Aranmanai 4
Aranmanai 4YouTube screengrab

Aranmanai 4 review: Perhaps it is time for Sundar C to retire this franchise

In ‘Aranmanai 4’, it is divine intervention that saves the day. Despite our varying religious beliefs (or lack thereof), the audience too should appeal for divine intervention to save us from films like this.
Aranmanai 4 (Tamil)(1.5 / 5)

The only thing scarier than the ghosts in Aranmanai 4 is the predictability of the plot. Has the Tamil audience become so attuned to the Aranmanai cinematic universe that they (or just I) can foresee almost every plot point? As the latest Sundar C movie is the fourth in this franchise, the predictability does not come as a surprise. Also unsurprising is that Aranmanai 4 is a disappointing movie, just like the twists and turns in it. 

Like the older Aranmanai movies, the fourth one does not depart too far from the average Tamil horror movie. Saravanan (Sundar C) is an honest, upright lawyer and lives with his aunt (Kovai Sarala). His sister Selvi (Tamannaah Bhatia) had eloped with her partner and married him despite the family’s disapproval. When Saravanan hears some devastating news about Selvi and her family, he and his aunt rush to Kovur, a fictional village, where his sister resides. Saravanan and his aunt discover that the palace that Selvi and her family were living in is haunted and find ways to rid it of supernatural beings. 

There is honestly nothing to say about Aranmanai 4 that has not already been said. The plot is overridden with cliches — a medley of characters thrown together at a palace due to unforeseen circumstances, a ghost wreaking havoc, and multiple attempts to drive the evil spirit away. The characters are poorly developed and you have no reason to root for them even when they are tormented (by the director or the evil spirits, it is hard to say).

Even the supernatural elements do not invoke anticipation, for the audience knows exactly when to expect a jumpscare and even where the ghost might be standing! The humour does not go beyond body shaming, a few slapstick stunts, and infantile punchlines that make little sense.

The film’s women characters are a let-down. Selvi is present for a few scenes, more than half of which have her crying or pleading for her children to be spared. Yes, she eloped, but who was her boyfriend? How did they meet? What were Selvi’s aspirations? We don’t know. 

Maya (Rashi Khanna) is a doctor and is the granddaughter of the jameen (Delhi Ganesh) who owned the palace before Selvi’s husband did. She is also present for a few scenes, but not to add any value to the plot. She does try to help in keeping the ghost at bay and protecting Selvi’s children, but there is nothing more to her character.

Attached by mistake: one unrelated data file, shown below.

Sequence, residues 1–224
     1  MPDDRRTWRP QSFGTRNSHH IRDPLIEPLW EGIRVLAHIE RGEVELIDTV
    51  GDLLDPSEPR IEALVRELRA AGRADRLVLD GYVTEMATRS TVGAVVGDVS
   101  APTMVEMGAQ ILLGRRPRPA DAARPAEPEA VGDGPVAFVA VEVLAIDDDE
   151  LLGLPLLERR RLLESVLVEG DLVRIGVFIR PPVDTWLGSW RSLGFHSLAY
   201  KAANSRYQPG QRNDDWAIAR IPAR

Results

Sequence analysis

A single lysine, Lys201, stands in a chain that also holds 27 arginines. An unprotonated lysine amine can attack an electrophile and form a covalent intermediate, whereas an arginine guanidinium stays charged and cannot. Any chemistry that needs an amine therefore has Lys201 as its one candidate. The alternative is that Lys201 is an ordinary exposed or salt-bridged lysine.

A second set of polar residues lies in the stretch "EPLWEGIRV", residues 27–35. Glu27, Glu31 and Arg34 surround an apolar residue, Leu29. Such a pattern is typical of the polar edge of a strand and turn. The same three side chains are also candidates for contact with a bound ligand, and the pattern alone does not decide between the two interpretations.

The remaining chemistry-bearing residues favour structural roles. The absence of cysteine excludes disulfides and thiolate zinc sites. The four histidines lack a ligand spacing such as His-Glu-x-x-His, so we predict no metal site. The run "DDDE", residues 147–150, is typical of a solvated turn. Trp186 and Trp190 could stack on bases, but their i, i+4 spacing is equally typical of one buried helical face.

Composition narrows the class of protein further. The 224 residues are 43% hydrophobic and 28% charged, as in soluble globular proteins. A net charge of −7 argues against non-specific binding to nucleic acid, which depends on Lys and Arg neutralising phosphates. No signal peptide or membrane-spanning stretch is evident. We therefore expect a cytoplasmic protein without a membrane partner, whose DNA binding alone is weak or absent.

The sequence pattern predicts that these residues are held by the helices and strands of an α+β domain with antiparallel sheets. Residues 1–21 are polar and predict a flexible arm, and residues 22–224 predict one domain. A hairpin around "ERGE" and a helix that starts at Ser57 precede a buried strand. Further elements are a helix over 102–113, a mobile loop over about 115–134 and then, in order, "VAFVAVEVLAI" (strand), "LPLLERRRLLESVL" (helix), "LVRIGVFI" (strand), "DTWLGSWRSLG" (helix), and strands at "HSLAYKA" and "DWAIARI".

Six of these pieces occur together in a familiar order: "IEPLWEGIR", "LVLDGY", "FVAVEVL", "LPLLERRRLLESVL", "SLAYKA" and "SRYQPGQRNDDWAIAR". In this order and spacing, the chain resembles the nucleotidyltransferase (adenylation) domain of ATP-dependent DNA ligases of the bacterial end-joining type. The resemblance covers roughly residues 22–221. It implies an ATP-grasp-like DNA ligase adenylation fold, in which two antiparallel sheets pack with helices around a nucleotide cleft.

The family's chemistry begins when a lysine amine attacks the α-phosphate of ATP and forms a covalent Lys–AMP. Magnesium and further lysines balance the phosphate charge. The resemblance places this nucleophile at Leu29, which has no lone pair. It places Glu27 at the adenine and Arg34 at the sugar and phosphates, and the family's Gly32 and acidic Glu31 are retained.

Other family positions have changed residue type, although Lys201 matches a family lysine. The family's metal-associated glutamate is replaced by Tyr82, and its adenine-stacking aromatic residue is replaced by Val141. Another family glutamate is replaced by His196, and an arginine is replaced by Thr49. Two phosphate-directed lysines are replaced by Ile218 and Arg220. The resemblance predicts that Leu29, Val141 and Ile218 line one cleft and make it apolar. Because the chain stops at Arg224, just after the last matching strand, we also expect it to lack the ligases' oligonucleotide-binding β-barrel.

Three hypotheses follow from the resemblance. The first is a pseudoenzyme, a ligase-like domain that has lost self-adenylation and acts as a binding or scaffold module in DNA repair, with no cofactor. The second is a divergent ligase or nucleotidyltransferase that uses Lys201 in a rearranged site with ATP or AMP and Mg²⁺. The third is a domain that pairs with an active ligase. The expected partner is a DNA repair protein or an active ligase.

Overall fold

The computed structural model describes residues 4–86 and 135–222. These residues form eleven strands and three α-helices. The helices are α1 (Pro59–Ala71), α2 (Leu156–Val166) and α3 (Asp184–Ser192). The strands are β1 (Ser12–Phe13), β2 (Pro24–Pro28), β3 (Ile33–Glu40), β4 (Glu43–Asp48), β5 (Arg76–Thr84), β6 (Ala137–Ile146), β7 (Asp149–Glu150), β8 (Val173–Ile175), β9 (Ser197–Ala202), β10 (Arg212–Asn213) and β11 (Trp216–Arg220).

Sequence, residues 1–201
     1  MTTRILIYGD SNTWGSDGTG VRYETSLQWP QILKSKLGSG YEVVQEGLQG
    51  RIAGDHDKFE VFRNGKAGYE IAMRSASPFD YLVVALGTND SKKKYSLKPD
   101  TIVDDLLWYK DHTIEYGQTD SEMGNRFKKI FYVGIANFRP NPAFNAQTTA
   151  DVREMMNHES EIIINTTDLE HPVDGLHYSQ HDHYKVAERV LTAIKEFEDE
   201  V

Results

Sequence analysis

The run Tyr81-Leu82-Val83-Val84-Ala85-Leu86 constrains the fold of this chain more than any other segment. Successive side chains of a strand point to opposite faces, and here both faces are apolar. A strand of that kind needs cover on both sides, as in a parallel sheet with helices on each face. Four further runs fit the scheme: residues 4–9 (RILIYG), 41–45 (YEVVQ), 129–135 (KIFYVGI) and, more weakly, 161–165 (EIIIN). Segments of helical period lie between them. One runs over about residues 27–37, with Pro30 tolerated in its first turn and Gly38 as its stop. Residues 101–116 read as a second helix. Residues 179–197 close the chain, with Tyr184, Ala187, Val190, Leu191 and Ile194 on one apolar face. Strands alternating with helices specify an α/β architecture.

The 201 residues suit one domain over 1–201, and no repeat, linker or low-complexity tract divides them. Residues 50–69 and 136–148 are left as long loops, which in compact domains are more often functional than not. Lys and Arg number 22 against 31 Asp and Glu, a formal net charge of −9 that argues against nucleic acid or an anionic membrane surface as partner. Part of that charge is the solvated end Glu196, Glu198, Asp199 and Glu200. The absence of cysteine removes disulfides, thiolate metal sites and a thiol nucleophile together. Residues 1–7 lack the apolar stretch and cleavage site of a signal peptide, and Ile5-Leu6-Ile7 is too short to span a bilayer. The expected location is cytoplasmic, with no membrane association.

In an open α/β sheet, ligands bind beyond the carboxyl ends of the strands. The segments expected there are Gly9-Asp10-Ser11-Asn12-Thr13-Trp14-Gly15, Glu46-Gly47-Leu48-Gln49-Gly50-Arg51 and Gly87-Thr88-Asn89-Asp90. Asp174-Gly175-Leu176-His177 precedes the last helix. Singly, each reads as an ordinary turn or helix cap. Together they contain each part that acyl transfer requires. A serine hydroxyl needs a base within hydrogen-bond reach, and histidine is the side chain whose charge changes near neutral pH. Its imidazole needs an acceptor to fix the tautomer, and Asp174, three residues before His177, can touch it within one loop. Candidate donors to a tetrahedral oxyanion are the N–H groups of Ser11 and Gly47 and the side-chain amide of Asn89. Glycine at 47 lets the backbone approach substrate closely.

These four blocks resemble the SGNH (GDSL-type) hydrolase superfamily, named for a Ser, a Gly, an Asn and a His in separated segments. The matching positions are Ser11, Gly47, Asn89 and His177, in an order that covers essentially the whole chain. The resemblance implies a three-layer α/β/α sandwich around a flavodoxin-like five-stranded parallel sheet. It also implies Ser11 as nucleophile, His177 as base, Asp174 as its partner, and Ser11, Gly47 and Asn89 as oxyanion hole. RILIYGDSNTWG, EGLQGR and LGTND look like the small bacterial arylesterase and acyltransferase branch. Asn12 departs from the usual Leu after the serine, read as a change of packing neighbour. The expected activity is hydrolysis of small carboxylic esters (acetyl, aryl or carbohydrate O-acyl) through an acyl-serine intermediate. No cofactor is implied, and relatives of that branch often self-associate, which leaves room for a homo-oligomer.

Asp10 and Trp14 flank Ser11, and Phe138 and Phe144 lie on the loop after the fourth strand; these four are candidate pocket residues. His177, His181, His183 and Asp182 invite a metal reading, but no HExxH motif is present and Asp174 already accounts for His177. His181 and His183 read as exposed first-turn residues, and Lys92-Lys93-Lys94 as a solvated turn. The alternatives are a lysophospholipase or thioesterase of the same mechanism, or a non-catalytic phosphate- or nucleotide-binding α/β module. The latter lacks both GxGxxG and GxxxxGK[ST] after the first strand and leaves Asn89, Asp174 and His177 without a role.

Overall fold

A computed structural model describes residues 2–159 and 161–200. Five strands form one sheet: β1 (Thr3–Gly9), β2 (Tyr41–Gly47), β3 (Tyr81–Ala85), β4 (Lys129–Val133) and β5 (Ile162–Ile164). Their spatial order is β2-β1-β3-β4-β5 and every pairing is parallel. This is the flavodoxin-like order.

The comedic genius of Kovai Sarala is heavily underutilised. We do not even know her name but she is present only to deliver lazily written punchlines to hype Saravanan or make the situation humorous. And it works, sometimes. 

Personally, the scariest part of Aranmanai 4 was the post credits scene. Why does a horror film require Rashi Khanna and Tamannah to dance to a rather salacious song? This was present in all the Aranmanai films and one song was even titled “Party with the pei” where Trisha, Hansika Motwani, and Poonam Bajwa dance similarly. 

One might justify this by saying it would ease the mind of the audience after watching a horror movie. But why should this supposed relief appeal solely to the male gaze? 

The evil spirit in the film is based on Baak, an Assamese folklore spirit that lives near the water and torments fishermen. In Assamese folklore, it is common for Baak to murder someone and assume their identity. This trait is embodied rather decently well in the film and offers some respite from the other cliches. In almost all the Aranmanai movies, the women are the ones who are possessed and terrorise the family but there are at least two instances where the evil spirit takes on the identity of men. Perhaps that is a win for feminism? Nevertheless, even the few departures from the triteness of the older Sundar C horror-comedy films do not seem enough to save Aranmanai 4. 

The visual effects of the film are not convincing and add little value to it. Hiphop Tamizha’s music is energetic albeit grating. 

Executed with poor gfx, towards the end of Aranmanai 4, a goddess throws a trident to the place where the evil spirit is standing to destroy it. It required literal divine intervention to save the day. Despite our varying religious beliefs (or the lack thereof), maybe the audience should also appeal for divine intervention to save us from films like Aranamani 4.

Disclaimer: This review was not paid for or commissioned by anyone associated with the film. Neither TNM nor any of its reviewers have any sort of business relationship with the producers or any other members of its cast and crew.

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